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While supply chain problems have created a backlog for new furniture, sales of vintage home furnishings, easily available online, has exploded. Correspondent Serena Altschul reports on what experts call the "circular economy," and how the internet is changing the nature of "vintage" in the 21st century.
JANE PAULEY: Shop til you drop is the order of the day at the down home sales event Serena Altschul has been checking out.
SERENA ALTSCHUL: It's 7:30 AM on a bright spring Saturday in Ozawkie, Kansas, population 600, give or take a cat quilt or two. It's the day of the town-wide garage sale.
- How much are the bar stools?
SERENA ALTSCHUL: And friends, Chris [INAUDIBLE]
- 50 bucks.
- This is so cool.
SERENA ALTSCHUL: --and Elizabeth Daniel are on the hunt.
- This is teamwork.
- This is teamwork.
- I can feel what's going on.
SERENA ALTSCHUL: Because when it comes to garage sales--
- I want those chairs.
SERENA ALTSCHUL: --the early bird gets the worm.
- It's the hunt for the treasure, you know? You might find the next big Andy Warhol covered over with another painting or something.
SERENA ALTSCHUL: Do you still have that feeling when you go?
- Yes, yes, every day.
- Oh, I want that.
SERENA ALTSCHUL: [INAUDIBLE] and Daniel might be having fun, but this is strictly business. They're stocking their vintage home furnishing stores.
- Thank you.
- You're welcome.
SERENA ALTSCHUL: During the pandemic, sales have been brisk, an example of what economists call a booming circular economy.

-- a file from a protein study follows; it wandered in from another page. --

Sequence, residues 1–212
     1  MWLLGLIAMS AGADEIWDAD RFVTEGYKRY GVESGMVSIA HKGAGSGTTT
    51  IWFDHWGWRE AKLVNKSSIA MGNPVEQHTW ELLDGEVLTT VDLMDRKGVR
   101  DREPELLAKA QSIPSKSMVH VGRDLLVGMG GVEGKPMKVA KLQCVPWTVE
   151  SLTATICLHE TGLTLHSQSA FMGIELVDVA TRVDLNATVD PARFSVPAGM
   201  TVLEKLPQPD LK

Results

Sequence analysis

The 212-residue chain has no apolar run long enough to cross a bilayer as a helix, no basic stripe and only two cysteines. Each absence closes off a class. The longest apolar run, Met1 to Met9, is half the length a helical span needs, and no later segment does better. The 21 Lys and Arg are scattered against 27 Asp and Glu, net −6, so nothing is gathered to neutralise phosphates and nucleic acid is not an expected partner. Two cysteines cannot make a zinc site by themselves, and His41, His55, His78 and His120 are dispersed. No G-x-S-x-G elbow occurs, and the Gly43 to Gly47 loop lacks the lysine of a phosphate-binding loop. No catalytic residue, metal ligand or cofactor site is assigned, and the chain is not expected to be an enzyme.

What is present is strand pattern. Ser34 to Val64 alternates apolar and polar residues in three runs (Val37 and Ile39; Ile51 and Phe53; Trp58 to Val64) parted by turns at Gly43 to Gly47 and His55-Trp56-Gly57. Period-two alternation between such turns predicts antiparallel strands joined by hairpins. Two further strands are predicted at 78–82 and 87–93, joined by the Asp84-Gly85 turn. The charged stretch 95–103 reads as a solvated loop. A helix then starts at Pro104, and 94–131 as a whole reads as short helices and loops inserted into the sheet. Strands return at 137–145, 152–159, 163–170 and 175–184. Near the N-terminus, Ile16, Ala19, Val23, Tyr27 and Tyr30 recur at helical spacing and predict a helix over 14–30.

- Thank you.
- Thank you very much.
- Our business has tripled since everybody had to start staying home.
SERENA ALTSCHUL: Home is actually where artist Elizabeth Daniel's business began, specifically the driveway of her house in the one stoplight town of Tonganoxie, Kansas.
- The problem people have a lot of times with going to thrift stores to shop for their decor is that they can't see it in their home because they just think of it as like old stuff. So I want it to look like a room rather than just one individual piece. Oh my gosh.
SERENA ALTSCHUL: Every week, Daniel reimagines the yard sale, drawing from her garage boutique to create a glamorous tableau of vintage finds, which she then sells through her Facebook group, Elizabeth Daniel Decor. While Daniel's business is just three years old--
- Those are Santa Fe Railroad chairs.
SERENA ALTSCHUL: [INAUDIBLE] is 30. Is it sometimes hard to part with pieces?
- Oh, yes.
SERENA ALTSCHUL: Even though her glamorous store in downtown Topeka is full of pieces that nod to local history--
- I can enjoy it for a little while and then let it go.
SERENA ALTSCHUL: --most of [INAUDIBLE] finds are carefully photographed and then sold online around the world.
- One of the things that really made the vintage market spike is that it was available. New furniture has to be produced. And so vintage furniture is already there. And it can just be loaded up and shipped out.
SERENA ALTSCHUL: During the pandemic, buying a new piece of furniture has sometimes meant wait times of months.
ANNA BROCKWAY: Our sales have been up anywhere from 85% to 125%.
SERENA ALTSCHUL: Eight years ago, Anna Brockway cofounded Cherish, a web marketplace for all things vintage.
ANNA BROCKWAY: The idea behind the circular economy is, instead of throwing things away, let's find them a new home and a new life and repurpose them.
- What attracted me to this is the color. I love this terracotta color right now.
SERENA ALTSCHUL: Over in Osaki, Elizabeth Daniel is surveying her haul.
- And it looks like it's oil paint because of how thick it is.
SERENA ALTSCHUL: Though in this circular economy, you could say Daniel is just getting started. So how do you know when you're done? Because I get the sense you could go all day, all night.
- I'm never done. I'm going to wake up tomorrow morning and be ready to go again.
- (SINGING) Everything's $1.95. If you stay long enough, you'll find something you like at the garage sale.